A Peck on the Cheek
Have you ever wondered why 9-year olds do not get to make life-or-death decisions? Or why we humans give so much weight to experience? Or why researching about a place is good before you end up there? If you missed the basic common sense course right after birth that covered these important questions, here is a refresher - A Peck on the Cheek. The movie an emotionally conceived idea that lacked any connection to reality, which in turn was produced by someone that had never been exposed to any form of mortal danger. It is an empty story masquerading as intellectual insight, that trivializes the real issues it purports to explore.
The movie is set against the backdrop of the Sri Lankan conflict. G. Thiruchelvan (Madhavan) and Indra (Simran) live in the South-Indian city of Chennai, and are raising three children. The eldest, played brilliantly by P.S. Keerthana, is Amudha who was adopted by the couple. On the day of Amudha's ninth birthday, in a fit of misguided honesty, the parents reveal this to her, and that she was left by her mother who originated from the conflict ridden region in the north of Sri Lanka.
As the child fixates upon the identity of her birth mother, the parents decide, in another fit of propriety that they are going to take the girl and see her birth mother. Never mind that all they had to go were the name of the town and the first name of the mother. Also, forget the fact that the region is an active war zone, which has produced one of the deadliest civilian casualties in modern time. Once in the country, the three begin the search, surviving suicide blasts, artillery fire and a small arms ambush. Again, it is never clear if this is merely misguided ideology or some sense of guilt that causes the parents of three children to take upon this perilous journey to satisfy the fantasies of a 9-year old.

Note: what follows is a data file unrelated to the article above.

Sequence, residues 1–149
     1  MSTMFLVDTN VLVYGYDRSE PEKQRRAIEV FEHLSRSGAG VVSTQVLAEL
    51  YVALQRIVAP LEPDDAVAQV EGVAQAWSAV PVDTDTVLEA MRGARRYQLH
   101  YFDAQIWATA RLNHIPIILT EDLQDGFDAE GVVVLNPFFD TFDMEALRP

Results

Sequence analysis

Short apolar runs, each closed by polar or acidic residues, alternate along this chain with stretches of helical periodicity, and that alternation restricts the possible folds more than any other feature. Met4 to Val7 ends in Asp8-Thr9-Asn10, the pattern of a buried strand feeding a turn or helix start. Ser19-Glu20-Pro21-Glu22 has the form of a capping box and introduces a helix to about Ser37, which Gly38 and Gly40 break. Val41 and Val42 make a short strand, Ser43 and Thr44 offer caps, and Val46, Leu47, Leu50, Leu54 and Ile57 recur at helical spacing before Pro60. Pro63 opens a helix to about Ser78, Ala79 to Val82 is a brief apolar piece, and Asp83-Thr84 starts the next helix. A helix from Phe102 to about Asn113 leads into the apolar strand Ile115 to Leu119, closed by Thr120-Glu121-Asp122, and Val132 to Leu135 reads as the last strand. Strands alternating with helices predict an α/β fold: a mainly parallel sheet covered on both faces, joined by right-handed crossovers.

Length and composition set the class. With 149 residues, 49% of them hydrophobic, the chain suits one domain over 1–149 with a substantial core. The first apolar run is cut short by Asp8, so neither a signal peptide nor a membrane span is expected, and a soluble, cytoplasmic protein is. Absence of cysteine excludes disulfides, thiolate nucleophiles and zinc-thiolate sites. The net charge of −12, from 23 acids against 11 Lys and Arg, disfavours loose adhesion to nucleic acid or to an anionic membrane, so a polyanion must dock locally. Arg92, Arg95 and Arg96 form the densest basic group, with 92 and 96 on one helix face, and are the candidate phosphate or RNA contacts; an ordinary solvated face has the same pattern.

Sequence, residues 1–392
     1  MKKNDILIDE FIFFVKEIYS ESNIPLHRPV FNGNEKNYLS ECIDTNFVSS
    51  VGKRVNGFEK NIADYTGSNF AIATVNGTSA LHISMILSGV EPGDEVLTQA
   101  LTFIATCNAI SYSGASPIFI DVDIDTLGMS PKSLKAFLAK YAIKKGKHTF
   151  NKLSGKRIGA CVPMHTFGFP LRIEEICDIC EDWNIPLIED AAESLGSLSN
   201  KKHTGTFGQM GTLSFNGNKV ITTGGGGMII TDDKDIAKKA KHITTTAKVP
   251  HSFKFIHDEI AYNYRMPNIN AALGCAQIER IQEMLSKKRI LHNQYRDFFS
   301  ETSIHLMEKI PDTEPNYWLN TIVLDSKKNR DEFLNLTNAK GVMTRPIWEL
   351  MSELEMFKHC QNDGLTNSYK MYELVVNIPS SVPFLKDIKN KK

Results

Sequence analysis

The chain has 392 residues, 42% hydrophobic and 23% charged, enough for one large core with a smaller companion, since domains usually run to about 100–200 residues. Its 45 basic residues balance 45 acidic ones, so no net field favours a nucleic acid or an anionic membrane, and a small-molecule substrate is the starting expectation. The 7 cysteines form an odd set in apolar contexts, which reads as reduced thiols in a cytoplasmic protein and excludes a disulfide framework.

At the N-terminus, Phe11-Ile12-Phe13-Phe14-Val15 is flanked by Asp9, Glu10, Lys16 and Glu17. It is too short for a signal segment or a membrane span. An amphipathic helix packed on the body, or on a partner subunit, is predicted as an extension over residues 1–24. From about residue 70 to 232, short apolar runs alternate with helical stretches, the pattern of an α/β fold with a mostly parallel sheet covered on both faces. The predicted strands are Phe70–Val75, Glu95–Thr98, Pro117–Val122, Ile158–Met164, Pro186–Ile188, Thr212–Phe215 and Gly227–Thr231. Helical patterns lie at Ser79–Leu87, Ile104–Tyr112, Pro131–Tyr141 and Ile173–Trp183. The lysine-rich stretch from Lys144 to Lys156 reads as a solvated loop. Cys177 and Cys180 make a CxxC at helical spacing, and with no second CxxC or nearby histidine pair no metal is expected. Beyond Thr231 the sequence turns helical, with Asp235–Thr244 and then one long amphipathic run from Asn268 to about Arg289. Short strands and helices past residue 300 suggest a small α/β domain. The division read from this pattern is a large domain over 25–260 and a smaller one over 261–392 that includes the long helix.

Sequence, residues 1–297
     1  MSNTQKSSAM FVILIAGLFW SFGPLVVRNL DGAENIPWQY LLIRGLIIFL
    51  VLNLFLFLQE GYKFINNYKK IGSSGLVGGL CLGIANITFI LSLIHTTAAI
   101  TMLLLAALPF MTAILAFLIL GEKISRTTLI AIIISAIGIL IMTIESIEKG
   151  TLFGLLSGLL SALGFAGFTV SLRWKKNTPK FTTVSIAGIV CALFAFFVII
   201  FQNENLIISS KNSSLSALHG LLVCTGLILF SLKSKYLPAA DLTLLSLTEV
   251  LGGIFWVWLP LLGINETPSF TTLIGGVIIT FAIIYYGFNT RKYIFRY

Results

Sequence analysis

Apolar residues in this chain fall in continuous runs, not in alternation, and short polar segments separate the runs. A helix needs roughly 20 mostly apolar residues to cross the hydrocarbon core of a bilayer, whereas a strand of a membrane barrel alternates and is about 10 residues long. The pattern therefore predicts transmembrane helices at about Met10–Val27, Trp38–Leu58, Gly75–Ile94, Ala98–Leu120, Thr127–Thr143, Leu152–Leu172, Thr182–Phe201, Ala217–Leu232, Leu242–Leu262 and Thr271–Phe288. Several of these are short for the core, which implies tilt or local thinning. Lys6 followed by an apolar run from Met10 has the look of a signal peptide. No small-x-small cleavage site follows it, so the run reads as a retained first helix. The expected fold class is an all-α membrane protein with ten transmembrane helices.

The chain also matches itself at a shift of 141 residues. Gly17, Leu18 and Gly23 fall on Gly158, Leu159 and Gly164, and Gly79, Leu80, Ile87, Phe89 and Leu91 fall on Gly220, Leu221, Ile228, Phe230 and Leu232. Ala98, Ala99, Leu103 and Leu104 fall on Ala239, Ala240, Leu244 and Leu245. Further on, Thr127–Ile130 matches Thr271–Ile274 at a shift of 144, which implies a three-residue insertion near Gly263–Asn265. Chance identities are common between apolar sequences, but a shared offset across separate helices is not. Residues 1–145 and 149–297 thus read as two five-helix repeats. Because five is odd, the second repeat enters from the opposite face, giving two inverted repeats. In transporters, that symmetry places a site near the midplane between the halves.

Notwithstanding the child-rearing faux pas, the movie is stuck somewhere between an award hunting indie movie and a populist Bollywood flick. That results in these random uncomfortable songs, in the middle of a maddening narrative. Unfortunately A.R. Rahman fails to work his magic with the music for the movie.
What does redeem the movie are the performances. Even with a hole ridden plot, the main characters work their magic. Madhavan does a good job displaying his character's stubborn strength with a driven sort of love. Simran is not terrible. But the best of the lot is the 9-year old, that makes you want to scream out in frustration. And thank our stars that their lot does not run the world.